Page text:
The Unreal-Based Social VR Platform Helios Launches in Early Access on Steam

I decided it was time to pay a return visit to the social VR platform called Helios, created by SubLight Games. The game is now available via Steam for US$9.99 under their Early Access program, for tethered PCVR headesets such as the Oculus Rift, HTC Vive, and Valve Index, and the company recently announced via Twitter:

Helios is now available for Early Access purchase for all who wish to join our little Social VR revolution! Everything made through Early Access purchases will go towards making Helios a viable and robust alternative to what is currently on the market!

Helios is unlike most other social VR platforms on the marketplace, in that it is based on the Unreal game engine (most other social VR platforms use Unity). It is also interesting in that it has attracted a significant number of former Sansar users—in some cases, even porting entire worlds from Sansar over to Helios! I think the attraction for former Sansar users is the way that Helios is catering to world builders, in a way that is similar to the early days of Sansar.

I immediately recognized C3rb3rus’ 2077 sci-fi world, which was ported over from Sansar to Helios!

The platform definitely is a creator-centered space, with a small but passionate community of geeks who want to see what they can do, even perhaps push a few boundaries! Here, a group decided to stress-test a free world downloaded from the Unreal Store by dropping hundreds of cheese wheels!

Cheese wheels!
An aerial view of the cheese wheel testing

The Community section on the Helios Steam page offers up some examples of worlds that have been created:

Here’s an early access trailer, showing you some of the features of the platform. I was particularly surprised at the modular avatar support (i.e. dressable avatars)!

For further information about Helios, you can visit their website, join their Discord, or follow them on social media: Twitter and YouTube. SubLight Games also has a Patreon; if you feel like throwing some coin their way, I’m sure they’d appreciate it!

My Journey from Oculus Rift to Valve Index: Buh-Bye, Facebook!

My journey from Oculus Rift to Valve Index started on August 18th, 2020 when I first placed my order for a complete Valve Index VR kit:

Today, I put my money where my mouth is. I went and placed an online order for the complete Valve Index VR Kit. I am told that it will take eight or more weeks to get to me, because of coronavirus-related delays in production. That’s fine. I can wait. And I’m not going anywhere.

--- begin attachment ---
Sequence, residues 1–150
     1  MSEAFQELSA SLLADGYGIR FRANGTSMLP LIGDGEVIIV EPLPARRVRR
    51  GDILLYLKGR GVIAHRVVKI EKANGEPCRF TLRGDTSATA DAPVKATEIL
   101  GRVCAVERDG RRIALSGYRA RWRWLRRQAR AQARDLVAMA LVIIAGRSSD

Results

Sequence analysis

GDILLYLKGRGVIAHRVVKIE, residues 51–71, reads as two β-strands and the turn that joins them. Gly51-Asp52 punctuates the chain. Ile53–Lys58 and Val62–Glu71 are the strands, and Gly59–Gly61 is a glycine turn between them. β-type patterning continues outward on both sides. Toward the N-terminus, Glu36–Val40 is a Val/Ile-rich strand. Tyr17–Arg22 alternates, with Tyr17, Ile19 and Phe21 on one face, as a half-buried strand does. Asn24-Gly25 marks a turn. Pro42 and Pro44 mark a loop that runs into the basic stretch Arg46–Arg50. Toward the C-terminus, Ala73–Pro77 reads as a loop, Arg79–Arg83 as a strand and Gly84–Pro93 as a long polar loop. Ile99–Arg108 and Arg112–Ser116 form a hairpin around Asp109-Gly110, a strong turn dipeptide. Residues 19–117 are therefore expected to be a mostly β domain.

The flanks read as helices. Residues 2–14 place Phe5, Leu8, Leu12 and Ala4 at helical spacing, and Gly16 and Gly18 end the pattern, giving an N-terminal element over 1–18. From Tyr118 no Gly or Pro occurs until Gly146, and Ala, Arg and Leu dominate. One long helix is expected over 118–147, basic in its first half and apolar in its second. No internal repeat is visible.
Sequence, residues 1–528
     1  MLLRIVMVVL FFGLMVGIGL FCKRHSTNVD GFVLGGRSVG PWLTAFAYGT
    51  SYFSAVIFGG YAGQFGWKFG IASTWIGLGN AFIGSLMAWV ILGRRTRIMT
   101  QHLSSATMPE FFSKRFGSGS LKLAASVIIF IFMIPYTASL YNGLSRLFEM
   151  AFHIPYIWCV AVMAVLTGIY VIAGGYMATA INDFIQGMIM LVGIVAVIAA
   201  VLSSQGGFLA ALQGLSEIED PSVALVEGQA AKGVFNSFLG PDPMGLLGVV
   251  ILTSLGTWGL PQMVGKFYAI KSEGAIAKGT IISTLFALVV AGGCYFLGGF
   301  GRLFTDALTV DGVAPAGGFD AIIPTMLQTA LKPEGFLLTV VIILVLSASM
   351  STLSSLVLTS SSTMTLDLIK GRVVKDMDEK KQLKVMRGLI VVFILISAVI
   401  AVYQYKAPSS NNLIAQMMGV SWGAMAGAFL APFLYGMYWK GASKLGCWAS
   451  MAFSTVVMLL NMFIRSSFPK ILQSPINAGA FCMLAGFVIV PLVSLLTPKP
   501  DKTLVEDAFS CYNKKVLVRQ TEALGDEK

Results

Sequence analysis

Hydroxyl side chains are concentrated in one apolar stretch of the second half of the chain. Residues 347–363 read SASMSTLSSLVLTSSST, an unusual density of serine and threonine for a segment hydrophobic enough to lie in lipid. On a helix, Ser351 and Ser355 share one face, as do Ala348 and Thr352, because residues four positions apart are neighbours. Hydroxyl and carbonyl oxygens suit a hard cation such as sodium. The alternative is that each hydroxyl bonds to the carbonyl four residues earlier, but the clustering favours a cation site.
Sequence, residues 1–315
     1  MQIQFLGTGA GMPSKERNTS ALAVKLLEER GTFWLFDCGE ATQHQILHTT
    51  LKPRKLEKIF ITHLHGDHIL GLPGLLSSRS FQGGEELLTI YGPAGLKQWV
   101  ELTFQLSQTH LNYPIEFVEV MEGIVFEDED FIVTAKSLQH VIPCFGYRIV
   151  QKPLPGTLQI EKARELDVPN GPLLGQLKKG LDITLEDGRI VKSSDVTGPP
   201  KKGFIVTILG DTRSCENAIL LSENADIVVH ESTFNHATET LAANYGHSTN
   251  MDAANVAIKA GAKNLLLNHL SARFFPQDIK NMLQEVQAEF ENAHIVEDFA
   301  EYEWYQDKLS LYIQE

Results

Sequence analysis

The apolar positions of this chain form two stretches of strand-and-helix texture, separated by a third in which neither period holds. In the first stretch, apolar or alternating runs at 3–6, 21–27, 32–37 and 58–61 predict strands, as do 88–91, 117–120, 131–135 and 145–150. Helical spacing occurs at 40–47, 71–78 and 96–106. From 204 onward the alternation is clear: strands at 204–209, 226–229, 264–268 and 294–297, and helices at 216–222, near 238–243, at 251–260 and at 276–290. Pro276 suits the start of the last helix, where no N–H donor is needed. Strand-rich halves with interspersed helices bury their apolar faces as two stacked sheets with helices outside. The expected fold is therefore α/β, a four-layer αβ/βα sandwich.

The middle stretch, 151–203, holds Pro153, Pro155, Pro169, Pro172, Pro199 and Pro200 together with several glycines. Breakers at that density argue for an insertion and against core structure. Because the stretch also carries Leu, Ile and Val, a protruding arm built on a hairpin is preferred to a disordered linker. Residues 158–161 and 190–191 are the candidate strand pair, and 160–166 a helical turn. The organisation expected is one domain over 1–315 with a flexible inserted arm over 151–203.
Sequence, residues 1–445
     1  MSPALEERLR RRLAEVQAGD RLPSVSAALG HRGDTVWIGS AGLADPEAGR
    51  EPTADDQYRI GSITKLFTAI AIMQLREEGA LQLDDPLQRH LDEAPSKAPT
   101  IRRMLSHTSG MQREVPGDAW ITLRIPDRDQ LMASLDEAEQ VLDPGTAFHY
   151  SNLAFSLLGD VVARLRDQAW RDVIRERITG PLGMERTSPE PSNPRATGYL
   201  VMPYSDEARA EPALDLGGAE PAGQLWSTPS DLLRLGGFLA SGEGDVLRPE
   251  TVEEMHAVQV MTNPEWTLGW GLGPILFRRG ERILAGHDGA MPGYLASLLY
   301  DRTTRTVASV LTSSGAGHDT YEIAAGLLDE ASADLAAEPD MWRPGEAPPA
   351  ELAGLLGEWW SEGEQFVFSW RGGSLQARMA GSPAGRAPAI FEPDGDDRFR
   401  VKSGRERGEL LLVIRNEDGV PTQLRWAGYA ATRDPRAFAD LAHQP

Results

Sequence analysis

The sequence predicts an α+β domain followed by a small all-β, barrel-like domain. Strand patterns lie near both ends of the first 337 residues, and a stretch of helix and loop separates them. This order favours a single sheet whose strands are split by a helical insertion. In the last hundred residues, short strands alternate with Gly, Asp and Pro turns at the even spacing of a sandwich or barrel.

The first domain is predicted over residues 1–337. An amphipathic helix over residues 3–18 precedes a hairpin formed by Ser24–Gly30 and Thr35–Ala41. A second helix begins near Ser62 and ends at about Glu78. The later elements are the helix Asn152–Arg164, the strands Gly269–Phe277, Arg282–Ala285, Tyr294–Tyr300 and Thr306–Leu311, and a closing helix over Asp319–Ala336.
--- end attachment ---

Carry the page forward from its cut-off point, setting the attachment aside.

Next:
I will be boycotting Facebook hardware and software from this point forward. It’s time for me to kick the Facebook habit, once and for all.

Well, after waiting almost three months (due to manufacturing and shipping delays caused by the pandemic), I was able to confirm the purchase of the Valve Index Kit on my credit card today, and now the shipping process begins! I am so excited!

This is not going to be cheap. The total cost, including import fees, comes to CDN$1,477 (which, according to today’s exchange rates, works out to about US$1,131).

It’s expensive, but I can afford it, and I am leaving Facebook (and Oculus) behind for good. My trusty Oculus Rift has served me well for almost four years now, through many memorable adventures and experiences, and I have certainly gotten my money’s worth from it, but I absolutely refuse to set up a new Facebook account in order to use it. (I won’t sell it, because the headset is so worn; I’ll just box it up and keep it in case anything goes wrong with the Valve Index.)

As for my original version Oculus Quest, I must confess that I haven’t touched it in at least eight months. The empty space I had cleared in my bedroom in order to use it is currently piled high with rice, canned soup and beans, Clorox wipes, toilet paper, face masks, surgical gloves, and various other pandemic preparations. (I have already decided to donate my Quest to my sister-in-law’s workplace, where she is part of a team of people who work with developmentally challenged adults. They can put it to good use. I still need to Google to find out exactly how best to wipe all my personal account information and purchased apps off my Quest before I mail it to her.)

The good news is that I haven’t spent a lot of money on games on the Oculus Store, for either my Rift or my Quest (most of what I do in VR is social VR, almost all of which is free to download), so I won’t lose much money there. And, of course, any purchases I made on social VR platforms like Sansar is tied to my Sansar account, and not to Facebook/Oculus. From now on, I will be dealing either with Steam, or downloading software directly from the company’s website.

Buh-bye, Facebook/Oculus! Don’t let the door hit you on the ass on your way out. I am going to enjoy uninstalling the Oculus software from my personal computer.

I just paid almost $1,500 just to be able to say this: fuck you, Mark Zuckerberg.